Thursday, January 17, 2008

Crier - City of Dunwoody has major support

By Dick Williams for The Crier; Jan 15, 2008

One day before the Georgia General Assembly convened in Atlanta, the Citizens for Dunwoody unveiled an updated study of the viability of a city of Dunwoody and found overwhelming public support for their effort.

“I think we’re on track in the legislature,” said state Rep. Fran Millar (R-Dunwoody), “barring some huge constitutional controversy among the governor and the two chambers.”

The state House for a third straight year will be asked to consider two bills allowing for a referendum on a city and transfer of property from DeKalb County to a new city.

In legislative debate last year, some members of the House Government Affairs Committee expressed concern that the 2005 budget figures on cities used as a comparison with Dunwoody were outdated.

Ken Wright, president of the citizens’ group, unveiled an updated study from the Carl Vinson Institute of Government at the University of Georgia, presenting the data to a gathering of about 175 people Sunday at Dunwoody United Methodist Church.

In the new study, the Vinson Institute used 2006 revenue and expense figures from three new cities - Sandy Springs, Milton and John’s Creek. The full study and budget proposed for a city of Dunwoody are available at

Wright and a panel of board members of the non-profit, non-political organization showed that following peer cities could leave a new city with revenues of $18.7 million and expenses of $18.4 million. That surplus, Wright said, added to a reserve fund of $482,000 would give the city a net surplus under the same tax rates being levied by DeKalb County government.

The Vinson Institute study suggests that a tax increase would not be necessary. In addition, Wright noted, the proposed city charter specifies that if an elected city council were to seek a tax increase of more than one mill above the current rate, a referendum would be necessary.

Wright said that nothing has changed in the legislation since last year. The updated study simply uses 2006 revenue and expense figures from comparable cities.

If the legislation passes the state House and is signed by Gov. Sonny Perdue, a referendum would be held July 15. If citizens approve incorporation, a major and six city council members would be chosen September 16 and the city of Dunwoody would begin operations December 1.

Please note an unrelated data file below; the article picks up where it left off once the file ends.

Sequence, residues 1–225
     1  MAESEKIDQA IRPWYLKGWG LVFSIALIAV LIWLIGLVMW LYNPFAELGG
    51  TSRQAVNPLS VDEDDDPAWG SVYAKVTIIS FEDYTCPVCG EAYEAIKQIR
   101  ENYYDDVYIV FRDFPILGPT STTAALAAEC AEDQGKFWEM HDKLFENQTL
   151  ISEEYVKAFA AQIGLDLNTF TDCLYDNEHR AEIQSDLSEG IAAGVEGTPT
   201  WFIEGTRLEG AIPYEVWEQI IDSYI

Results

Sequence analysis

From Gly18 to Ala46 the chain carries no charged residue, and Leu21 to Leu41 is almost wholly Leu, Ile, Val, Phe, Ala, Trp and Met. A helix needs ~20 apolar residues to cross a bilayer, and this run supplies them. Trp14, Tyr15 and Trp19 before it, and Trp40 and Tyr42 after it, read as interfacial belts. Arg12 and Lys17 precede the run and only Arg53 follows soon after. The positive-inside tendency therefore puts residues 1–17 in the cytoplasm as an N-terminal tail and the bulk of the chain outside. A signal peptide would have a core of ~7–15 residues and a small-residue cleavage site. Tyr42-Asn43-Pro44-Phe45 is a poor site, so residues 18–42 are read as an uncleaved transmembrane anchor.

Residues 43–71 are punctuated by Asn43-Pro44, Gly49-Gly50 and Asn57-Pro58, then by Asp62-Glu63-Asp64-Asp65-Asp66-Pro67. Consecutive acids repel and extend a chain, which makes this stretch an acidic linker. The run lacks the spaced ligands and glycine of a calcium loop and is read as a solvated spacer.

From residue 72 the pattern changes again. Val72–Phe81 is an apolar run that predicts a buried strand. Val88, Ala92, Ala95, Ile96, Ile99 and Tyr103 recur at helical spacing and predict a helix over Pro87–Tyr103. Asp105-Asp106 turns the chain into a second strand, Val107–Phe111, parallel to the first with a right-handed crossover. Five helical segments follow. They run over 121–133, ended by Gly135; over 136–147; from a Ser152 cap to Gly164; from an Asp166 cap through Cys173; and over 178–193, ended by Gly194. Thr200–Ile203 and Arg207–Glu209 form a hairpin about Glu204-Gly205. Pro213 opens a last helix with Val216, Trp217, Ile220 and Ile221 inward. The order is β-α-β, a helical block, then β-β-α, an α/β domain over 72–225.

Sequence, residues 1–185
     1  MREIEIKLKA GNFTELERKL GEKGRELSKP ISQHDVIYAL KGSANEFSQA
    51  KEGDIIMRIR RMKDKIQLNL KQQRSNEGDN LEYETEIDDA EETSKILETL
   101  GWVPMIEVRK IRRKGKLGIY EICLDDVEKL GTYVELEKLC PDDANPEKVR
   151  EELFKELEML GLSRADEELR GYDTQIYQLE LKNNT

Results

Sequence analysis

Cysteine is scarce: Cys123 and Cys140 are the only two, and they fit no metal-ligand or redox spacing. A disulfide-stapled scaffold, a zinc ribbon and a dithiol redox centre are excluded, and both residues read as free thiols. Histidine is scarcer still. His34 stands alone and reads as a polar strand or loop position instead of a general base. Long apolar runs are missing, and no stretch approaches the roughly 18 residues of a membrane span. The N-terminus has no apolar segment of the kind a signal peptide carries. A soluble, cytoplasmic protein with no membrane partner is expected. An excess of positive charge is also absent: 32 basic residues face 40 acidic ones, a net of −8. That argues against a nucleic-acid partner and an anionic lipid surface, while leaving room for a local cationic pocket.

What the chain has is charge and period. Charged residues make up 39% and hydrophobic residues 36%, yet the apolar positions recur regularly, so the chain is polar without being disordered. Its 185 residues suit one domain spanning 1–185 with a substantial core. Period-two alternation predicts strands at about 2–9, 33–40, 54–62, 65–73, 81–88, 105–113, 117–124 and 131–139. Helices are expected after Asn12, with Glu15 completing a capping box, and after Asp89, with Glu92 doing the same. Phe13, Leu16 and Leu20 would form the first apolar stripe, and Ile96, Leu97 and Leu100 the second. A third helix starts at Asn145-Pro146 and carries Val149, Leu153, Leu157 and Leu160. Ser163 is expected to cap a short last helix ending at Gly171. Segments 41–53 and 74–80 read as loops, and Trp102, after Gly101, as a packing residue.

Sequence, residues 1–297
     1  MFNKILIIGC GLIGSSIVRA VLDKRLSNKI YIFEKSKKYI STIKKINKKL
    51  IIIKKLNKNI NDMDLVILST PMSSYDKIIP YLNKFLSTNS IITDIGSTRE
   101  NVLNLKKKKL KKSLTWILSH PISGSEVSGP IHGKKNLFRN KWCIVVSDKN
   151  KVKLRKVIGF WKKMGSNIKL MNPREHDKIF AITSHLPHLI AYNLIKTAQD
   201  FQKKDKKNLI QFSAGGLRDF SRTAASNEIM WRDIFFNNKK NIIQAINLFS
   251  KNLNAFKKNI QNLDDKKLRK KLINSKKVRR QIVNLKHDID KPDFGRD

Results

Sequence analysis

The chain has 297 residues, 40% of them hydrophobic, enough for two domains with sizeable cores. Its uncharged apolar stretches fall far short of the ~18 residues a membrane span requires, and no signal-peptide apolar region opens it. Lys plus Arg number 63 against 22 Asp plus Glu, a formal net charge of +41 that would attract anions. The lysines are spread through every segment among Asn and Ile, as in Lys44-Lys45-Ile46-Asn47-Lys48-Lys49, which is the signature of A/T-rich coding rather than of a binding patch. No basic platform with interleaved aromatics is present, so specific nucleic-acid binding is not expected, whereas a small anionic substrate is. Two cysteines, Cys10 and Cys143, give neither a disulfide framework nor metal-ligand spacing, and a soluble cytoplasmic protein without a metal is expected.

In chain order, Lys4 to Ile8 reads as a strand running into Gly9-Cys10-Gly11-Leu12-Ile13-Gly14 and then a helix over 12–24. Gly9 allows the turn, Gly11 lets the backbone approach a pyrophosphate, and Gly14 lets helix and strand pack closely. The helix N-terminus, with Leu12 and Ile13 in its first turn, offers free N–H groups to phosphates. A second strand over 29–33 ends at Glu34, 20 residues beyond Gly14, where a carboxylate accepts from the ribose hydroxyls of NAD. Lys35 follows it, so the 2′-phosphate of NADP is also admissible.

Asked for a show of hands on support for a city, those in attendance at the meeting were almost unanimous. One resident opposed the city and three said they had not made up their minds. The rest supported incorporation. That was a higher rate of support for a city than was shown in a similar show of hands last January when the city had 90 percent support, with 10 percent opposing.

A city of Dunwoody is proposed to have two full-time code enforcement officers contrasted with what amounts to a half-time officer now assigned by the county. The city’s police force would staff four full-time patrols in Dunwoody. Currently, the DeKalb Police Department’s North Precinct provides three patrols shared with the rest of the county.

Under the properties bill, the North Precinct would be transferred to Dunwoody while the city would help pay for a new precinct south of I-285 to serve the parts of unincorporated DeKalb now served by the North Precinct. Four parks also would be transferred to Dunwoody.

Wright and Robert Wittenstein pointed out that while public schools would remain under the control of the county Board of Education, a city would have an indirect impact on the schools through zoning and land use.

As for the financial impact on DeKalb of Dunwoody becoming a city, the new study shows a net loss to the county of $5.2 million per year.

Wright and Wittenstein pegged that amount to be two-tenths of one percent of the county’s operating budget.

“They like to say that a city of Dunwoody would be stealing Perimeter Mall,” Wright told the group, “but all sales taxes stay with the county.”

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